*****************The sounds of raucous kids emanate from backstage while theatergoers wait for Once and For All We're Gonna Tell You Who We Are So Shut Up and Listen to begin at the Duke on 42nd Street. Once the house lights have dimmed -- and following a youthfully arrogant if sometimes slightly incomprehensible monologue -- the offstage pandemonium spills onto the stage, and the 13-member cast roughhouses, dances, makes out, and gets high. It's an arresting beginning to an absorbing hour-long portrait of the utter confusion of being a teenager.
A buzzer interrupts the young people's shenanigans, and they quickly clean up their mess and hustle off stage. Soon, the blaring music of Stijn Degezelle's eclectic soundscape (which ranges from Peggy Le to Lou Reed) is roaring again, and the action begins anew. The young people go through the same basic routine, but there are slight variations in both action and tone, beautifully showing how often in the tumult of teenage emotions one action can have myriad meanings. Occasionally, the mayhem is interrupted by a brief monologue, such as when a young man walks downstage to describe his greatest fear (being like his parents) or when a young woman talks about what propels her through the oft-repeated sequence.
There are other sorts of variations throughout the work, including a notable sequence when four guys are left onstage and have to figure out whether or not to enact with one another the fumbling heterosexual lovemaking they usually do with the girls. The scene is not only charming, but seems incredibly brave as it reveals the sometimes homoerotic longings that can lie underneath aggressive teenage male bravura.
After one final monologue, in which a young woman explains that being a teenager means pushing the limits farther than any previous generation has, the company goes through their pattern of activities once more, proving her point with surprising poignancy.
-- Andy Propst
The film is screened using a 3-D projector and features a succession of people giving brief talks about their beliefs (and sometimes whatever else is on their minds). Several of the participants -- most of whom remain anonymous -- come across as proselytizing, as whenever the tricky subject of belief comes up, it's often in the context of convincing others to believe the same thing you do. The piece is probably titled the way it is because many of the segments sound very much like advertisements, and one man even tells us not to mistake him for a salesman.
Among the more interesting speakers are a musician who "practices" at being a Buddhist; a man who used to play with the ghost child of a Sultan and then believes he may have encountered him years later as an adult; and a woman who did a search through her e-mail to see the times she actually used the word "believe." However, mixed in with these individuals are others with more banal observations.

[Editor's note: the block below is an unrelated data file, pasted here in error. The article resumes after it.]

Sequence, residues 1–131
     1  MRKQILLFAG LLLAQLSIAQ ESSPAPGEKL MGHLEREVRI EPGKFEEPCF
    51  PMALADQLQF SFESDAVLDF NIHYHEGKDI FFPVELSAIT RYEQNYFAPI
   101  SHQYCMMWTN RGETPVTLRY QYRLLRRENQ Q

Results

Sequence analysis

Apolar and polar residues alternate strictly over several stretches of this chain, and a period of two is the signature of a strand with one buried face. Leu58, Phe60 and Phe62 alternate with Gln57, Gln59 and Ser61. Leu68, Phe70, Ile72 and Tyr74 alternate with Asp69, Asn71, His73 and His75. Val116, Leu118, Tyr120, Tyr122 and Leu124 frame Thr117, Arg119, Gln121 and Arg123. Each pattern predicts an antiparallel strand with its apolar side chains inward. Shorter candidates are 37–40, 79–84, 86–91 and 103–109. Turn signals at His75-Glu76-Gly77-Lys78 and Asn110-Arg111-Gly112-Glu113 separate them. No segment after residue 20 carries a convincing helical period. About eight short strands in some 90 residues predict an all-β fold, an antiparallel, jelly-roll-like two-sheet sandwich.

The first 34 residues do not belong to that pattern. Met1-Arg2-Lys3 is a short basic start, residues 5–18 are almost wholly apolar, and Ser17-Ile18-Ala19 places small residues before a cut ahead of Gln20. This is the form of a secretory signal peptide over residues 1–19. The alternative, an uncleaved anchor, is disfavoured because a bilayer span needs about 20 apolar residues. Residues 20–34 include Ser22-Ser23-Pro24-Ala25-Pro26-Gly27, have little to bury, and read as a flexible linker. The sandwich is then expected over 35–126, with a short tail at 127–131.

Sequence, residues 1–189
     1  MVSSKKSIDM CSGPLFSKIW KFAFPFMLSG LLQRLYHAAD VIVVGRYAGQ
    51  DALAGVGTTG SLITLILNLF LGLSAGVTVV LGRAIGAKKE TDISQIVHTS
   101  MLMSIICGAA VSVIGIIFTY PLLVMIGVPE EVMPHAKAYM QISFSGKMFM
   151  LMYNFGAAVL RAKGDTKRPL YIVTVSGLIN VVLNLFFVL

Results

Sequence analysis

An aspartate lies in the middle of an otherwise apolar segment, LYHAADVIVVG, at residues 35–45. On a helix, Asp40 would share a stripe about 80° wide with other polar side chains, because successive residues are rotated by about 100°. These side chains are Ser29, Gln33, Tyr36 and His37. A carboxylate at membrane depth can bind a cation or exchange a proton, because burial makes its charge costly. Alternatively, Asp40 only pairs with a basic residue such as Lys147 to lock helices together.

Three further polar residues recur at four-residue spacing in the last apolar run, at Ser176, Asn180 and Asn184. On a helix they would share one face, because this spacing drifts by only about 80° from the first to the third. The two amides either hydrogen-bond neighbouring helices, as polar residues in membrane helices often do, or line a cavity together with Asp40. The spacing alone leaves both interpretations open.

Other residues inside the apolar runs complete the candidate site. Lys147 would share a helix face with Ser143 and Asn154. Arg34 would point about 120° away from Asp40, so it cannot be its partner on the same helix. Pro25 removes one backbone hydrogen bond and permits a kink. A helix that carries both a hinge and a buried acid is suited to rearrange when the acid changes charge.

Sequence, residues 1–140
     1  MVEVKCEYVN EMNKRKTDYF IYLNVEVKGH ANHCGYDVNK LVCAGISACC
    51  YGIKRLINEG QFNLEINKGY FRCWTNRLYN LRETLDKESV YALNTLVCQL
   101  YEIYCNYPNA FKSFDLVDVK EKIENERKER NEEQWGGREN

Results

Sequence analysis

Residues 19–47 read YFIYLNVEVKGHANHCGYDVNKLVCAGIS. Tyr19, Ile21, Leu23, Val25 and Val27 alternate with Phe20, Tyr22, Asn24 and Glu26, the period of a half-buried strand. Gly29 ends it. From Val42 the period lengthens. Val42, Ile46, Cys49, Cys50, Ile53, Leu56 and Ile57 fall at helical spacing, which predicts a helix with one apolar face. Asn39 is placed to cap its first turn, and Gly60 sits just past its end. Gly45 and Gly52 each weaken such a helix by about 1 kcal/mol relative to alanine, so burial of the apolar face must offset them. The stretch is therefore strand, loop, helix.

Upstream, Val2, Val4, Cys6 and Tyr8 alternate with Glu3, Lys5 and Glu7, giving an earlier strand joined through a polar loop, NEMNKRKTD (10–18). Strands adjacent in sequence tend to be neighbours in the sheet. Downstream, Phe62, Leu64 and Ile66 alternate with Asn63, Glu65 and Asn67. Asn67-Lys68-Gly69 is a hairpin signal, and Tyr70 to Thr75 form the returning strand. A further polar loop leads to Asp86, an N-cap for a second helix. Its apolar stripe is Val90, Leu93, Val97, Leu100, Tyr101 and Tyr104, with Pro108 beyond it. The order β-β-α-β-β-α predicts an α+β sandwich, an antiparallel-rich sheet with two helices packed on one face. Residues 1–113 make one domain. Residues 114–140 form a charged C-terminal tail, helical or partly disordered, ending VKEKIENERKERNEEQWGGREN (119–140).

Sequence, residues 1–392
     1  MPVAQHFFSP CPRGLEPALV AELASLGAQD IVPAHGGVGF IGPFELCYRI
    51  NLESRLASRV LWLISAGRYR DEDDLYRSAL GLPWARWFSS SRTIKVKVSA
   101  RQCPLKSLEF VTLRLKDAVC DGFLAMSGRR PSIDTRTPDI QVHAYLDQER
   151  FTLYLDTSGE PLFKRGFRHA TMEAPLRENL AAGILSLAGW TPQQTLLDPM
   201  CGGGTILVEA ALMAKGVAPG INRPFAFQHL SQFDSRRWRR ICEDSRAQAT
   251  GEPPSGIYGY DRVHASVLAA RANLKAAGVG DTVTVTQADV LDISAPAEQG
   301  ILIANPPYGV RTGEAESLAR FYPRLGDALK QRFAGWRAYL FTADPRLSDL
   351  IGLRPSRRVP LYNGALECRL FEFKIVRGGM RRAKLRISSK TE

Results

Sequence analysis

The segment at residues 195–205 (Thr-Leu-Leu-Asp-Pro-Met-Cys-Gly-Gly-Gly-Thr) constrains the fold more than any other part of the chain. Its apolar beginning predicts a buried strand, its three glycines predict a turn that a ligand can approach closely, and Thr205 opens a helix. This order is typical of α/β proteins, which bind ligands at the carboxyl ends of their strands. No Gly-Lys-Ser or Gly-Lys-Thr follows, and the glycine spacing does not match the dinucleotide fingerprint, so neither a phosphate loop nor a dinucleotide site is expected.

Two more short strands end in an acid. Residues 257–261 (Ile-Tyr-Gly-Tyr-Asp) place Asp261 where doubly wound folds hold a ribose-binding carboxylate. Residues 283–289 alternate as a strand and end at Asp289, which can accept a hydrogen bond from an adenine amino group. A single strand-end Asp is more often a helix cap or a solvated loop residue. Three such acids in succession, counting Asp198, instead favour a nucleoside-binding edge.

Maxwell's particular brand of hypernaturalism, which he's demonstrated in many of his past theater works, seems to be carried over into the speeches given by several of the film's participants, who tend to stand and talk without moving or gesturing very much. Some fix their gazes at a point in front of them -- either the camera or possibly a teleprompter -- while others speak more extemporaneously. The hour-long piece ends rather abruptly with one of the least engaging of the speakers. And while the project has merit, it's bound to be disappointing for those who come in expecting a performance.
-- Dan Bacalzo
Silver Stars combines audio from interviews that Millar conducted, with music, video sequences (created by Killan Waters), and monologues that are delivered by a largely amateur cast of gay men. The show includes reminiscences from such figures as Brendan Fay, who crusaded for the inclusion of gays in New York's St. Patrick's Day parade and from a Jesuit priest who fought in World War II, and was only able to come out once he was well into middle age.
Theoretically, this should be a devastating look at times far less liberal than the one in which we live. But more often than not, the stories are delivered in such distanced and reverential tones that the production seems merely like a maudlin museum piece. One of the chief difficulties with the show are Millar's songs themselves -- which are not so much numbers as extended and artsy solo and choral recitatives. Similarly, Cannon and Keegan's staging is often pretentious and static (alhough it's beautifully lit by Sarah Jane Shells). As a result, the production is often sapped of its emotional heft.
Still, there are moments when the piece is unquestionably powerful, most notably when it turns to ACT UP activist Robert Rygor, bringing the early days of the AIDS crisis back into sharp focus for anyone who lived through them. The sequence includes both a video segment featuring his parents, who describe his final days, and what is perhaps Millar's most successful piece of music: a heartfelt encapsulation of Rygor's testimony before Congress.
-- Andy Propst